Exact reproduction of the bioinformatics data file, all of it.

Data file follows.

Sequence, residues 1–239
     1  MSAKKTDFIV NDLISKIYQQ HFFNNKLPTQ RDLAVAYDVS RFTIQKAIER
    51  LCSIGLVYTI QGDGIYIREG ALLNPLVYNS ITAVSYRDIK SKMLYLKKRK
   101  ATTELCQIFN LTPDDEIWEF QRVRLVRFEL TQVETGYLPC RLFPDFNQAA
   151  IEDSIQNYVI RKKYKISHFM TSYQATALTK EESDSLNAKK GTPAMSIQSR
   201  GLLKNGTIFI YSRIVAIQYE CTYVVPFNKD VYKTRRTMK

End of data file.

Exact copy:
Sequence, residues 1–239
     1  MSAKKTDFIV NDLISKIYQQ HFFNNKLPTQ RDLAVAYDVS RFTIQKAIER
    51  LCSIGLVYTI QGDGIYIREG ALLNPLVYNS ITAVSYRDIK SKMLYLKKRK
   101  ATTELCQIFN LTPDDEIWEF QRVRLVRFEL TQVETGYLPC RLFPDFNQAA
   151  IEDSIQNYVI RKKYKISHFM TSYQATALTK EESDSLNAKK GTPAMSIQSR
   201  GLLKNGTIFI YSRIVAIQYE CTYVVPFNKD VYKTRRTMK